Ever wonder what compels you to smoke, knowing full well the health risks? Most likely the answer is nicotine, the addictive substance in cigarettes, and a cigarette is the perfect delivery system for nicotine. It takes only ten seconds from inhalation of smoke for nicotine to reach your brain, quicker than an IV drug injection! It's this speed of nicotine to the brain that makes cigarette smoking so easily and heavily addictive. Other additives in cigarettes, such as ammonia and theobromine, also play a part in maximizing this rapid delivery (and are added by tobacco companies for this reason).
Once nicotine reaches your brain, it changes the way your brain cells communicate to each other. Nicotine mimics the neurotransmitter acetylcholine by attaching to special receptors on your brain cells, stimulating the release of chemicals that make you feel good. Dopamine, a main neurotransmitter of the reward pathway in the brain, is one of the chemicals released. Dopamine helps regulate moods and gives you a feeling of pleasure and calm. It's part of what encourages you to keep going back for more tobacco smoke.
When you smoke and expose your brain to nicotine, it increases the number of nicotine receptors, which then require more nicotine for the brain to feel normal. This alteration in brain structure is what makes quitting smoking so difficult. The level of dopamine drops during the time in between smoking cigarettes. You may feel irritable, fidgety, and stressed when that happens, and craving a cigarette to make the withdrawal symptoms subside, so you can feel good again.
As long as you keep on smoking, this cycle of craving, smoking, relaxing, craving will continue. Over time, you build up a tolerance to nicotine and need to smoke more cigarettes to get the same feel good effect. This is why if you switch to a 'low' or 'light' cigarette you will inhale more deeply or smoke more of the cigarette to compensate for the lower dose of nicotine.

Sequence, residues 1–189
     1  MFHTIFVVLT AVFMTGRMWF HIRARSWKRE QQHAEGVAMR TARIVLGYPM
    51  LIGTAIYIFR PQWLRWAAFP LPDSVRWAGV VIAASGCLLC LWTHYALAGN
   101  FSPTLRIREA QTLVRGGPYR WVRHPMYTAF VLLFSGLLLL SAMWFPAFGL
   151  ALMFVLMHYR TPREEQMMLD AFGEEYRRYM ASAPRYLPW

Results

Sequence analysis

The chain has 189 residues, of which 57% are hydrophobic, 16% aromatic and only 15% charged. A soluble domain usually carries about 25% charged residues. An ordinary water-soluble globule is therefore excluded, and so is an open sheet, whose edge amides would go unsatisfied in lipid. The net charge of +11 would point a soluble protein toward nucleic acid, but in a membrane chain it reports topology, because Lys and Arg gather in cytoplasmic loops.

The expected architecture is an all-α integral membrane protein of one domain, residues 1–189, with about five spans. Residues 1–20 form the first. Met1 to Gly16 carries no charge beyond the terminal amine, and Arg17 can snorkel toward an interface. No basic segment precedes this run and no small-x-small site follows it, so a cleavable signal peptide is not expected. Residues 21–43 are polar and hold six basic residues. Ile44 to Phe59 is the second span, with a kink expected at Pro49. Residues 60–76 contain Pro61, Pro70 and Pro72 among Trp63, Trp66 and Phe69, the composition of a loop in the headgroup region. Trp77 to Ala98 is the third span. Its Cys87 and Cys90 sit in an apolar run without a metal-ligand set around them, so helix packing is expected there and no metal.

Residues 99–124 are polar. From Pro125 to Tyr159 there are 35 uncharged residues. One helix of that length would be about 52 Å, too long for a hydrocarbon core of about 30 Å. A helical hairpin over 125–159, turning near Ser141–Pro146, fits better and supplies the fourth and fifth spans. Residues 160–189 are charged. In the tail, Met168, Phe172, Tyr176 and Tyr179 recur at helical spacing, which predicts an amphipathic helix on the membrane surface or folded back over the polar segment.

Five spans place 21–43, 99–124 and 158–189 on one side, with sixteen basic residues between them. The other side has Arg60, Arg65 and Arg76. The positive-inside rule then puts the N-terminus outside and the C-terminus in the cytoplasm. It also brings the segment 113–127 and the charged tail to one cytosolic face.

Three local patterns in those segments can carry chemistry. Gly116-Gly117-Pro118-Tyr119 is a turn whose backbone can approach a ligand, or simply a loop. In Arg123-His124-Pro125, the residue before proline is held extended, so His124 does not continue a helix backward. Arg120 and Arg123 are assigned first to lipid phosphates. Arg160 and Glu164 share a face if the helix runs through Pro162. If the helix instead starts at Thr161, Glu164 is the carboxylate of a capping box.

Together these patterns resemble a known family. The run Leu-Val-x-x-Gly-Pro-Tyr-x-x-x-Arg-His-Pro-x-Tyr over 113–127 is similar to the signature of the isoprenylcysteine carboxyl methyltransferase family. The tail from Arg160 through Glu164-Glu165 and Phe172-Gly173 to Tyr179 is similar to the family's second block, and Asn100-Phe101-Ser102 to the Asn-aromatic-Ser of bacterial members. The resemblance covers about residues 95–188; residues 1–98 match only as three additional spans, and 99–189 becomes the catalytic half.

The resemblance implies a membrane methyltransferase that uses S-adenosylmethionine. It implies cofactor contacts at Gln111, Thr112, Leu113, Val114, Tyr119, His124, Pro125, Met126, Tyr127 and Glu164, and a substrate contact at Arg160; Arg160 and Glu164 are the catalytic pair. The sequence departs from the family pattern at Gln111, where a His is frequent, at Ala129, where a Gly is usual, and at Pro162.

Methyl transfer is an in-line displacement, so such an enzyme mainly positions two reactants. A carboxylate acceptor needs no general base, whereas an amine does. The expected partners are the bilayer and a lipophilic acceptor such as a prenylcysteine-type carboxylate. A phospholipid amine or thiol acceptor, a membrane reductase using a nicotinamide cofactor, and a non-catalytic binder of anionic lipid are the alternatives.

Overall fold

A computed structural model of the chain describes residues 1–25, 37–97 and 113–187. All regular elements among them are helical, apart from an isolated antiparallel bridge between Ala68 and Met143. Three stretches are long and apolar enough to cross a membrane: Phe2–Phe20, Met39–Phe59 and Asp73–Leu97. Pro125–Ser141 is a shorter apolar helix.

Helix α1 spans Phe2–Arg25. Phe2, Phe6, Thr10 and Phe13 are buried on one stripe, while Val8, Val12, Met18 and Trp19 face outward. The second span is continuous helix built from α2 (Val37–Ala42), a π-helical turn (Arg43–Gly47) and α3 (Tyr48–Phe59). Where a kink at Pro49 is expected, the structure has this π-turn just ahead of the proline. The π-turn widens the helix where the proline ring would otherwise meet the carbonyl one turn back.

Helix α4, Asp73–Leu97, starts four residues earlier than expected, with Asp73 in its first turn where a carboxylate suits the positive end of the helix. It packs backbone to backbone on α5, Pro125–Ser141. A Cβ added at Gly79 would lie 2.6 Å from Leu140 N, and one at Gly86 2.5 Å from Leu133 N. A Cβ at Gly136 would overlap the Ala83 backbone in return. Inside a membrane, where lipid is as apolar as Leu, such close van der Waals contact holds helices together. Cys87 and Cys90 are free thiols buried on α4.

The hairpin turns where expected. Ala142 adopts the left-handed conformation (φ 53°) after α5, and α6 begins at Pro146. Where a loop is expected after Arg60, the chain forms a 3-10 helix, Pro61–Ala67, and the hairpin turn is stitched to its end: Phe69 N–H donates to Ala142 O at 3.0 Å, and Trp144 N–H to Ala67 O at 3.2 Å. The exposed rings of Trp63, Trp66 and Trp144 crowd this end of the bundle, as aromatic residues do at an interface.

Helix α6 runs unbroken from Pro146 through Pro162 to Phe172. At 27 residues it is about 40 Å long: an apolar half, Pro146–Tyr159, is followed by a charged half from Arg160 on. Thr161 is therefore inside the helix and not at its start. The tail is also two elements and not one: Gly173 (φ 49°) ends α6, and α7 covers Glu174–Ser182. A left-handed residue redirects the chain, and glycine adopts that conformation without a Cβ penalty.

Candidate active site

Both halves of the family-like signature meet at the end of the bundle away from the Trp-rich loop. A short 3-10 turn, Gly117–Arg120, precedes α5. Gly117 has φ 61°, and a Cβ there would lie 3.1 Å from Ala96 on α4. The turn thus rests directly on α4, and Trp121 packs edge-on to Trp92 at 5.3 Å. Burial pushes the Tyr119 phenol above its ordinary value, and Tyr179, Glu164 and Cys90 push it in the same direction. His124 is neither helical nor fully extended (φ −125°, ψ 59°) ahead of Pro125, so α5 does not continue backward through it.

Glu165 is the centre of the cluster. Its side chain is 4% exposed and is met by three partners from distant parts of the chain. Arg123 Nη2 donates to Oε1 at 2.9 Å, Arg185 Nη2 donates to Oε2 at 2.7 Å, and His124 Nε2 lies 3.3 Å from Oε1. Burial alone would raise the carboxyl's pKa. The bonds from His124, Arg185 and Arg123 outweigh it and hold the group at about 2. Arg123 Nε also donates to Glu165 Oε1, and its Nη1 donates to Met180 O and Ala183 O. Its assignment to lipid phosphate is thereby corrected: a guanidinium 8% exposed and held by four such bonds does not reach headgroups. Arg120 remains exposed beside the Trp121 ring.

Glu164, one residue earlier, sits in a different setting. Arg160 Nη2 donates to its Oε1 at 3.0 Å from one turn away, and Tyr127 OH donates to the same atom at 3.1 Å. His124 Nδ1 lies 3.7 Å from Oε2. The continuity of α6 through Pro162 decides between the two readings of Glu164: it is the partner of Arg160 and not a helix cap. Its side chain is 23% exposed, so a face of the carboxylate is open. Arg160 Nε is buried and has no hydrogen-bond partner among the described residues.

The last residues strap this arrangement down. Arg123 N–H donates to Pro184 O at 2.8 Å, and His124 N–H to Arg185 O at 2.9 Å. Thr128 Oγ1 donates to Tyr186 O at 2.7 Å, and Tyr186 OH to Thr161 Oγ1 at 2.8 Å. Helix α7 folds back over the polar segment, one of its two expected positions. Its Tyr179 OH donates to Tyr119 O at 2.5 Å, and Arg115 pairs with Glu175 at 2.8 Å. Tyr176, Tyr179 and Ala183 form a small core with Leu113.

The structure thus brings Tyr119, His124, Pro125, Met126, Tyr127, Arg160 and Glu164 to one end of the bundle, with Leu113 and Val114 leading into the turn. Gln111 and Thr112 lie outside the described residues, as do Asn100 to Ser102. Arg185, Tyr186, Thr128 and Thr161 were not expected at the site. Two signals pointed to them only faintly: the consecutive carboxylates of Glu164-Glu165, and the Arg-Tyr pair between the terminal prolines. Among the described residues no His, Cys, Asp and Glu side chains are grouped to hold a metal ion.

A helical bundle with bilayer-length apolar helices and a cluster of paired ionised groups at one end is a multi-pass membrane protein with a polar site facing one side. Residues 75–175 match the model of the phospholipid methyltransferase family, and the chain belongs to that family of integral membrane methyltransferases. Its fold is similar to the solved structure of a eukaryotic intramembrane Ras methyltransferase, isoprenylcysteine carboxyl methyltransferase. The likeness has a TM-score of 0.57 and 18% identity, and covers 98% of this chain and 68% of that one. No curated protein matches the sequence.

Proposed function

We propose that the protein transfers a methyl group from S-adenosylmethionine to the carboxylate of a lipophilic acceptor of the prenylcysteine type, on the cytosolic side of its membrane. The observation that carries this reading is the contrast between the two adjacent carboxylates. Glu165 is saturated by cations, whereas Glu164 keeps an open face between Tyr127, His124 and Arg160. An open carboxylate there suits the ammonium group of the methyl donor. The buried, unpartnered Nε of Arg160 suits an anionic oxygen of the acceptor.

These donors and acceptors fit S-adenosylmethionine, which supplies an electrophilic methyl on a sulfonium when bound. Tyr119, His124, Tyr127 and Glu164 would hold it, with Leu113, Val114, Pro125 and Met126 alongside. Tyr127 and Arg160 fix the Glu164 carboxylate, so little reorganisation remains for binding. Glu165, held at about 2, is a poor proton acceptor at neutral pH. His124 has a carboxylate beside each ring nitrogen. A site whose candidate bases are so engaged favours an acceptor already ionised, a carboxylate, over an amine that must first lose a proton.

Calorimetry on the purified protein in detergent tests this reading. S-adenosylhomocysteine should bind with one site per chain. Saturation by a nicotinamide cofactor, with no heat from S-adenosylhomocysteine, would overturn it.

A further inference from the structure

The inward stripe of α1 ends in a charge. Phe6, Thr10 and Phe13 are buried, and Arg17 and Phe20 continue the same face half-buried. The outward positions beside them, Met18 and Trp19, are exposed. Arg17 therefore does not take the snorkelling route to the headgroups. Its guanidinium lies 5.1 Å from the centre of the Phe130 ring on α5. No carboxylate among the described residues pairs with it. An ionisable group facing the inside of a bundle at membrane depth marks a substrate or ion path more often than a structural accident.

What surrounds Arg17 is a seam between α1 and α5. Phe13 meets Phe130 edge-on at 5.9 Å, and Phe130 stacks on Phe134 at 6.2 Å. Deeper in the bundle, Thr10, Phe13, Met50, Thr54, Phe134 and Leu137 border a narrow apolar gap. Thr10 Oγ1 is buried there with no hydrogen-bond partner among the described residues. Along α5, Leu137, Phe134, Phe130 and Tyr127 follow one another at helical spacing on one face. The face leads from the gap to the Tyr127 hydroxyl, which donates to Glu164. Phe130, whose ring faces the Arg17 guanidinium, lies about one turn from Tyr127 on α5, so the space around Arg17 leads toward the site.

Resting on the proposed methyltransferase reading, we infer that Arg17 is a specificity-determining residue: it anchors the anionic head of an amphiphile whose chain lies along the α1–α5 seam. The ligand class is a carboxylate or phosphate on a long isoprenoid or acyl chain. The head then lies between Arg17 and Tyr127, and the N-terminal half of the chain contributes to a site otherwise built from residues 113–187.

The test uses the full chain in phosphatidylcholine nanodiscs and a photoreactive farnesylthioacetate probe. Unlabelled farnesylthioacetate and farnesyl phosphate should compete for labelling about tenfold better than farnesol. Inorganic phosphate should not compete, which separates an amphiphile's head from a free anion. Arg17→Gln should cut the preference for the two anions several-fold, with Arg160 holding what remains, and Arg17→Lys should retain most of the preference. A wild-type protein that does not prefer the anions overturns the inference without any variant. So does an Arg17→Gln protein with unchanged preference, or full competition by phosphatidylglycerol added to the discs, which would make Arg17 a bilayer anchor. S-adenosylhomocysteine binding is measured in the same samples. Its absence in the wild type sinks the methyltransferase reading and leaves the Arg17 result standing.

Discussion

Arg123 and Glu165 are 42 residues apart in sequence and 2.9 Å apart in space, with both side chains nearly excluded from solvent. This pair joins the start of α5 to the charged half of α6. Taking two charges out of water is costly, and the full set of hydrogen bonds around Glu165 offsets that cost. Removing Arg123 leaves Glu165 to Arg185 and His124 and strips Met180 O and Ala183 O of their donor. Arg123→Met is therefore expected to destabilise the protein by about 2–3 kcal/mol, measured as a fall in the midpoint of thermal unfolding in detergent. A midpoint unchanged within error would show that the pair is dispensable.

Nicotine can have both a stimulating and relaxing effect on your brain. Ever been tired and taken a couple short puffs on a cigarette to perk up...or taken in a few longer drags to help feel relaxed when feeling stressed or tense? That's just another way nicotine gets you hooked in.
The changes nicotine causes in the brain makes smoking highly addictive and difficult to stop. Not only do you deal with the symptoms of nicotine withdrawal, such as irritability, anxiety, depressed mood, difficulty concentrating, and strong cravings to smoke, but you also have to contend with the behavioral and environmental triggers that crop up, like having a glass of wine, driving the car, or getting into a heated argument -- all times your brain is used to getting a jolt of nicotine and pleasure. Once you do quit smoking you need to stick with the acronym N.O.P.E -Not One Puff Ever, because even a single cigarette can risk triggering the same cravings to smoke you had before quitting.
As overwhelming as this may sound, quitting smoking is an achievable goal that can make all the difference in leading a healthier life. Consider using a quit-medication if the uncomfortable withdrawal symptoms get in the way of a successful quit. The encouraging news is that, though it may take up to six weeks, quitting for good enables the nicotine receptors in your brain to return to normal.
Keep Going and KTQ!